Hepatitis C virus regulation of interferon antiviral defenses
Helene MinYi Liu and Michael Gale Jr
from: Viruses and Interferon: Current Research (Edited by: Karen Mossman). Caister Academic Press, U.K. (2011)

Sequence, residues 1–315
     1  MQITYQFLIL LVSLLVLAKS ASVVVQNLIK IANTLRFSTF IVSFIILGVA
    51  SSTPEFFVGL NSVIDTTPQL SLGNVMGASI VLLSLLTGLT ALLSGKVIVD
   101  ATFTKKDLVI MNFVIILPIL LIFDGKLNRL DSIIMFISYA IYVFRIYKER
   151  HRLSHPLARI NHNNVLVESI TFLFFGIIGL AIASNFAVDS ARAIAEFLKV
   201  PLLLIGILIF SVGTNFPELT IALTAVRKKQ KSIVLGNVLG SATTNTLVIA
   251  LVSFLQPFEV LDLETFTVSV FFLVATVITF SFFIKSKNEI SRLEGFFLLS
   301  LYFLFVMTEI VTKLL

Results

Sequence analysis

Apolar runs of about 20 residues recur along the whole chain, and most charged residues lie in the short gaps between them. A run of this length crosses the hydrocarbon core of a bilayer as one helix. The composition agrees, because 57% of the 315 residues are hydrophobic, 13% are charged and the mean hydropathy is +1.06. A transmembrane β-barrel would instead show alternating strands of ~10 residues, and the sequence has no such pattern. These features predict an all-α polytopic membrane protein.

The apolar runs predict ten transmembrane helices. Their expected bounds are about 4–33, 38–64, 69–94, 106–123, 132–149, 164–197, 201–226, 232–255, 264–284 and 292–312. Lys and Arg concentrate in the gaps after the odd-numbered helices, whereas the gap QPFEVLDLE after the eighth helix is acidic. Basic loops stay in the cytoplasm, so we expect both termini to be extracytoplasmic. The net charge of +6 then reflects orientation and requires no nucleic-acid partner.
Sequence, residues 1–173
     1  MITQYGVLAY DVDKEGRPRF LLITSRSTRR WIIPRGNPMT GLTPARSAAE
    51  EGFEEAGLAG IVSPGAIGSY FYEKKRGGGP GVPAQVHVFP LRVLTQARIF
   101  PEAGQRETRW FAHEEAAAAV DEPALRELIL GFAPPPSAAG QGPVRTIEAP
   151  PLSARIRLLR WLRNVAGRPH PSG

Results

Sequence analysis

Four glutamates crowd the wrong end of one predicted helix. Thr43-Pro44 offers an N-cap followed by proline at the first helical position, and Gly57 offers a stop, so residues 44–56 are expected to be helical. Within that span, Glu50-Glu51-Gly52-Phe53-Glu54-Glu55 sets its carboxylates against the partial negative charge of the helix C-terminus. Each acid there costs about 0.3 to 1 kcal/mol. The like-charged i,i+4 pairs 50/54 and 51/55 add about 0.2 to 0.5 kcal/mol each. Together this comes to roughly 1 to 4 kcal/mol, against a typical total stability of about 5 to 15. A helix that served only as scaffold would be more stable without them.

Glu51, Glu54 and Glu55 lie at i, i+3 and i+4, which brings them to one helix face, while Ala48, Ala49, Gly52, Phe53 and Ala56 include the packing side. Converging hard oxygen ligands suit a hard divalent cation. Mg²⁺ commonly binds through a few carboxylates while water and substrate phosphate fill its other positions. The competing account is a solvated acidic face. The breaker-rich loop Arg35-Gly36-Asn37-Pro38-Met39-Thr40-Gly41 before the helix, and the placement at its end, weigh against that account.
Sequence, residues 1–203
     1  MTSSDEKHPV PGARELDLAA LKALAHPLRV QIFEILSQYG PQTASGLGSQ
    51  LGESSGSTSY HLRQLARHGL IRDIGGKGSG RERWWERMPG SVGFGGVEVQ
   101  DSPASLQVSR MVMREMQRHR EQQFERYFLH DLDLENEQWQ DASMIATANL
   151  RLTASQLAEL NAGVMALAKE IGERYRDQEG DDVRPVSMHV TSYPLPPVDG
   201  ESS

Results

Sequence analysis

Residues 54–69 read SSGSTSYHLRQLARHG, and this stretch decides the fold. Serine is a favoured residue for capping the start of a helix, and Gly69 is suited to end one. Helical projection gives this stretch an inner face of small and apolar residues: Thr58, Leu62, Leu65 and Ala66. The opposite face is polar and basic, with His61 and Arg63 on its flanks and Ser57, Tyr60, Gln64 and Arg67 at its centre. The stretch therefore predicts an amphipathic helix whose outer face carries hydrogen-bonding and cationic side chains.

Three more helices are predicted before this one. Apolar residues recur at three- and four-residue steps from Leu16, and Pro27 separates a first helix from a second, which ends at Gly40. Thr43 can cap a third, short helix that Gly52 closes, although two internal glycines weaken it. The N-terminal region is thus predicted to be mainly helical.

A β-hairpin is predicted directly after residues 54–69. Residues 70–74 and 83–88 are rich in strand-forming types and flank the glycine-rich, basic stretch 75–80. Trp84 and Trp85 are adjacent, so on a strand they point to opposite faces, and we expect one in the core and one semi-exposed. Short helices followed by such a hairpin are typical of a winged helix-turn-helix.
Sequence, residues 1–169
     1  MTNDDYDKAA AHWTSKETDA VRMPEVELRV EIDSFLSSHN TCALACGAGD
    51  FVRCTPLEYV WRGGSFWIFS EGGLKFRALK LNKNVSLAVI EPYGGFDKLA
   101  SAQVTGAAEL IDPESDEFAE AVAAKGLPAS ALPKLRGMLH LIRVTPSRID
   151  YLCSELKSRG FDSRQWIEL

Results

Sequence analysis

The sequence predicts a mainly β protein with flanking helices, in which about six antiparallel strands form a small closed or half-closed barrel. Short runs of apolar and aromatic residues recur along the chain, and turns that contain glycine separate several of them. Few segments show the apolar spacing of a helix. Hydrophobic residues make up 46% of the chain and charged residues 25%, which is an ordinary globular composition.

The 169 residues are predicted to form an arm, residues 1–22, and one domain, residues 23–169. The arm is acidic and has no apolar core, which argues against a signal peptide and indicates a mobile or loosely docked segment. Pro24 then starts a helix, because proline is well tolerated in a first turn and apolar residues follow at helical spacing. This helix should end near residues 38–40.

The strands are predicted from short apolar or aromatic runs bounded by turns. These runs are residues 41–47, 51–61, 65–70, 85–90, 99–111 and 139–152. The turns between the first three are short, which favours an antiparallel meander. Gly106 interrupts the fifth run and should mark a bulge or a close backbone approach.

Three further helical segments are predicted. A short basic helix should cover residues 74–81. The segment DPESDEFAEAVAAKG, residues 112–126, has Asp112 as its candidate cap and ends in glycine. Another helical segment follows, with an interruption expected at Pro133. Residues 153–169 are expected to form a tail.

Mammalian cells respond to virus challenge by initiating an intracellular innate immune response that is designed to limit virus replication and to inform and modulate the ensuing adaptive immune response. Innate immune defenses are characterized by pathogen recognition receptor signaling that mediates the expression of antiviral gene products, the production of interferon α/β (IFN) and interferon-stimulated genes, and the secretion of other proinflammatory cytokines from the site of infection. Hepatitis C virus (HCV) confers a chronic infection of the liver in nearly 200 million people around the world. Hepatic innate immune defenses impose the front line of protection against HCV replication and pathogenesis. HCV infection is treated with IFN-based therapy. However, HCV most often evades hepatic innate immunity and responds overall poorly to therapy to thereby persist and a run a chronic disease course. HCV persistence has been linked to a complex combination of virus-host interactions that disrupt intracellular innate immune signaling pathways and attenuate the antiviral actions of IFN. Viral regulation of these processes breaks a critical cross-talk between innate and adaptive immunity to attenuate antiviral immune defenses and provide a foundation for chronic HCV infection read more ...